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The market for agricultural robots has the opportunity for significant expansion: the farming world needs to increase global production whilst it also faces challenges such as reduced availability and the rising costs of farm labour.

Last week I had the pleasure of debating the question “does AI pose a threat to society?” with friends and colleagues Christian List, Maja Pantic and Samantha Payne. The event was organised by the British Academy and brilliantly chaired by the Royal Society’s director of science policy Claire Craig. Here follows my opening statement:

by   -   April 29, 2017

Engineers and researchers are already speculating about the next phase of UI development, especially for robotics control. So far, the leading candidate is gesture-based control—the use of physical gestures to relay commands.

by   -   April 27, 2017

Delivery robots are touted as gaining widespread popularity in the near future. Wheeled models could be suitable for urban areas, while UAVs have great potential in accessing difficult areas and carrying a variety of payloads. But first we have to overcome technical barriers, safety issues and more than a few legal aspects.

Robots are the technology of the future. But the current legal system is incapable of handling them. This generic statement is often the premise for considerations about the possibility of awarding rights (and liabilities) to these machines at some, less-than clearly identified, point in time. Discussing the adequacy of existing regulation in accommodating new technologies is certainly necessary, but the ontological approach is incorrect. Andrea Bertolini explains.

A new report from Navigant Research includes the chart shown below, ranking various teams on the race to robocar deployment. It’s causing lots of press headlines about how Ford is the top company and companies like Google and Uber are far behind. I elected not to buy the $3,800 report, but based on the summary I believe their conclusions are ill founded to say the least.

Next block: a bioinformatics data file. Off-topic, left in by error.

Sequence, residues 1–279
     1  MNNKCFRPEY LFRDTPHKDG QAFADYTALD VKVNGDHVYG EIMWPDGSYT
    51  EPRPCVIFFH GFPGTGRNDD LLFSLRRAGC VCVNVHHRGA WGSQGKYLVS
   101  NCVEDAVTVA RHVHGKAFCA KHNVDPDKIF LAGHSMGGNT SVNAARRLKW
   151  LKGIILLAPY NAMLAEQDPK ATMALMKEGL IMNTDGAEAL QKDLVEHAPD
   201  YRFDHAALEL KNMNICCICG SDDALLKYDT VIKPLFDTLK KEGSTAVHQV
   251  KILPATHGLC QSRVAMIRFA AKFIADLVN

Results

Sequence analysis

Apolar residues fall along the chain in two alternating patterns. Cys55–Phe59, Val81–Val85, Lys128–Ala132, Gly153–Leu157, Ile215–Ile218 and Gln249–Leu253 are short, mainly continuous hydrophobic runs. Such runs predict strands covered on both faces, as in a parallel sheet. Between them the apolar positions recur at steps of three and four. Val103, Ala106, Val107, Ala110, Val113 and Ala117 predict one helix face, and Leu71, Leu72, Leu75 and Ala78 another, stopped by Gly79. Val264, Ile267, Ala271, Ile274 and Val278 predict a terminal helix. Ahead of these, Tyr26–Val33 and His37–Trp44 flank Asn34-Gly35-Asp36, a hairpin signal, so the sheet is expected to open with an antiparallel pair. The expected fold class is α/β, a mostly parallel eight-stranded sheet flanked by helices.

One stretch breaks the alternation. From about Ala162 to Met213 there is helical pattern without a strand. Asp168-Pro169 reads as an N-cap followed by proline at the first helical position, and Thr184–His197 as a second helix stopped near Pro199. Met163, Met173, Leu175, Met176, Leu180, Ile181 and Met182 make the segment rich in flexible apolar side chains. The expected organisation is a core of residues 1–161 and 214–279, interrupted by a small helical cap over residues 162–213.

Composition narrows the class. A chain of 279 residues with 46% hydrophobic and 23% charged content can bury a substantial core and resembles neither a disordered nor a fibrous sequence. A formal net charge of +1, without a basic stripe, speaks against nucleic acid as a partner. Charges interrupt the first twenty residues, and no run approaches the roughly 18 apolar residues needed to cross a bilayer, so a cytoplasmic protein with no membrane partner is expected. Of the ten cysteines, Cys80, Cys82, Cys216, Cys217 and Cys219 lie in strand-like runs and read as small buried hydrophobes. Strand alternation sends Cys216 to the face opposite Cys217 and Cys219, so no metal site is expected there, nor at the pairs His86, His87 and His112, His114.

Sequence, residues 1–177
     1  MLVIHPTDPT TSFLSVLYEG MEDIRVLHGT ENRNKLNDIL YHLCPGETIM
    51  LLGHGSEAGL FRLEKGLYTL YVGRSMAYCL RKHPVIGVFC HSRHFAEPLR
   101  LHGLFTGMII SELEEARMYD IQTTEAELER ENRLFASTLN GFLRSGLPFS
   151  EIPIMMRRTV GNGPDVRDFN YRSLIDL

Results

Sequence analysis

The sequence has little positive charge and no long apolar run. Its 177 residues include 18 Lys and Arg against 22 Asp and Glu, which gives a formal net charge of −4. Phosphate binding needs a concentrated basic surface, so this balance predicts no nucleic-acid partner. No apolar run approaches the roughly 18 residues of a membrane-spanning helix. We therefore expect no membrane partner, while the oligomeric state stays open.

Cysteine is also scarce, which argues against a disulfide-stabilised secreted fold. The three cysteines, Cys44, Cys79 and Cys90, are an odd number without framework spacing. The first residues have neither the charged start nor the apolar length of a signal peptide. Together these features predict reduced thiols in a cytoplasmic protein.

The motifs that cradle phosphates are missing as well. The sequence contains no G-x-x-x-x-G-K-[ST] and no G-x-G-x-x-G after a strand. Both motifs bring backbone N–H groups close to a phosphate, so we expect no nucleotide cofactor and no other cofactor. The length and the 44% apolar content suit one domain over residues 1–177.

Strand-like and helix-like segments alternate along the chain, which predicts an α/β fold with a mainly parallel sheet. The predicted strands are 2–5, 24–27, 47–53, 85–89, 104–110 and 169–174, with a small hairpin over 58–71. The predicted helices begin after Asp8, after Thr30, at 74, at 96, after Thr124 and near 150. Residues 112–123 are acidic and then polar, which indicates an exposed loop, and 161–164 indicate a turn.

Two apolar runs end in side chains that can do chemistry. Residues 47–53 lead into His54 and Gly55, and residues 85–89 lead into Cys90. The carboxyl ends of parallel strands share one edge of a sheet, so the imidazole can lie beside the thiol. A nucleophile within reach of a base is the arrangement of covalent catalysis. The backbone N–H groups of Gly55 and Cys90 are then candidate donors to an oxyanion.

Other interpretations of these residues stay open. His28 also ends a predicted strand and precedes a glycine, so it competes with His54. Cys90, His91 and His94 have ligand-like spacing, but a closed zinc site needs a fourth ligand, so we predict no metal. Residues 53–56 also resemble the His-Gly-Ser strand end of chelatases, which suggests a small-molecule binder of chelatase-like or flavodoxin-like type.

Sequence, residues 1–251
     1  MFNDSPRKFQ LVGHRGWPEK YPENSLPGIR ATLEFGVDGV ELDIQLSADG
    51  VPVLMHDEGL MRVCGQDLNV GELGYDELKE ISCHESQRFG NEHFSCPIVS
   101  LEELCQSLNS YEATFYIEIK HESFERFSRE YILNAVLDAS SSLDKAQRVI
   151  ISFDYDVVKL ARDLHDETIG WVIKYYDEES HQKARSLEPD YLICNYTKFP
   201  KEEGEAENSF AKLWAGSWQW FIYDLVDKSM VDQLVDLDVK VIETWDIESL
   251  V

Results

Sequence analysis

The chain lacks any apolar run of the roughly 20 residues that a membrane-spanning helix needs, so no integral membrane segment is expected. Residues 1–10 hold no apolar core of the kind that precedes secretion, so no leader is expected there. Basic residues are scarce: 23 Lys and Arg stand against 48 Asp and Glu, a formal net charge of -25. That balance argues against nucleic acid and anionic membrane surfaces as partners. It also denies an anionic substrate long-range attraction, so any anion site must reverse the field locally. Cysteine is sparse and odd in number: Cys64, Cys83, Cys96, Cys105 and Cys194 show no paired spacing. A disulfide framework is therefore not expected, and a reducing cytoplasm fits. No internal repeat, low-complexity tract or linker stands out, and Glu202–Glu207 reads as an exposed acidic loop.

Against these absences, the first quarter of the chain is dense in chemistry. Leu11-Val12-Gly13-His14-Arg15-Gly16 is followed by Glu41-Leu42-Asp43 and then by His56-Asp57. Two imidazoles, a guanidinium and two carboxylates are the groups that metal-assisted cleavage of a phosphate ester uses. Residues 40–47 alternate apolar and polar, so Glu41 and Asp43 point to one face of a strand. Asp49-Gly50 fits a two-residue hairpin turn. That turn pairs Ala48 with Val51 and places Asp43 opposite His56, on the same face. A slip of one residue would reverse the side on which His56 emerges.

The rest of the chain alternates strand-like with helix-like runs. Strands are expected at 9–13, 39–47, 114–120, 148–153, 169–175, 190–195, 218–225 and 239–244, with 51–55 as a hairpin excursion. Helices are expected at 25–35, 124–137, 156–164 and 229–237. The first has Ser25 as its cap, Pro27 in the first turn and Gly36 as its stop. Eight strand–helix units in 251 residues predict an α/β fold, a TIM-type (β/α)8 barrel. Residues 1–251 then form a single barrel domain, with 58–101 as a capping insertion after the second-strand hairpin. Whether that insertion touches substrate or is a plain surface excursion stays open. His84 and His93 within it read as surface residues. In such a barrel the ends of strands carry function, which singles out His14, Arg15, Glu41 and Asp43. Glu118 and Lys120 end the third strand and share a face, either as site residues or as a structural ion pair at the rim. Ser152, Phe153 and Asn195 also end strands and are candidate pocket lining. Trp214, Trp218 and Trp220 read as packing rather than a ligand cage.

CBS News profiled a New Jersey vertical farm providing baby kale, arugula, spinach and romaine to nearby Newark and NYC groceries. They boast 130 times more productivity, 95% less water and no pesticides versus field farms. And they harvest 24 times a year, rain, snow or shine.

University students experiment with human-robot interaction and autonomous manipulation, two elements of manufacturing’s future. Nikolaus Correll, CC BY-ND

America’s manufacturing heyday is gone, and so are millions of jobs, lost to modernization. Despite what Treasury Secretary Steven Mnuchin might think, the National Bureau of Economic Research and Silicon Valley executives, among many others, know it’s already happening. And a new report from PwC estimates that 38 percent of American jobs are at “high risk” of being replaced by technology within the next 15 years. The ConversationBut how soon automation will replace workers is not the real problem. The real threat to American jobs will come if China does it first.

The law currently recognizes individuals like you and me. Also companies, organizations and governments can negotiate agreements and liability. These non-natural persons are represented by real people (they should be controlled after all). But what about autonomous systems that take over tasks and make intelligent decisions that might be interpreted as a legal act?

While Asimov’s laws are organised around the moral value of preventing harm to humans, they are not easy to interpret. We need to stop viewing them as an adequate ethical basis for robotic interactions with people, argues Tom Sorell.

Whether or not an artificial intelligence (AI) ought to be granted patent rights is a timely dilemma given the increasing proliferation of AI in the workplace. Ronald Yu discusses.

Artificial intelligence (AI) already plays a major role in human economies and societies, and it will play an even bigger role in the coming years. To ponder the future of AI is thus to acknowledge that the future is AI. But how bright is that future? Or how dark?

by   -   February 22, 2017

If a machine can think, decide and act on its own volition, if it can be harmed or held responsible for its actions, should we stop treating it like property and start treating it more like a person with rights?

by   -   February 21, 2017

Current legal AI systems do not think like human lawyers. But, as their capabilities improve, the temptation grows to use such systems not only to supplement but to eliminate the need for some personnel. Ron Yu examines how this might affect the legal profession and the future development of legal AI.

I generally pay very little attention when companies issue a press release about an “alliance.” It’s usually not a lot more than a press release, unless there are details on what will actually be built. The recent announcement that Uber plans to buy some self-driving cars from Daimler/Mercedes is mostly just such an announcement.



IASP 2016 (Part 2 of 3): Trik Embedded Platform
May 13, 2017


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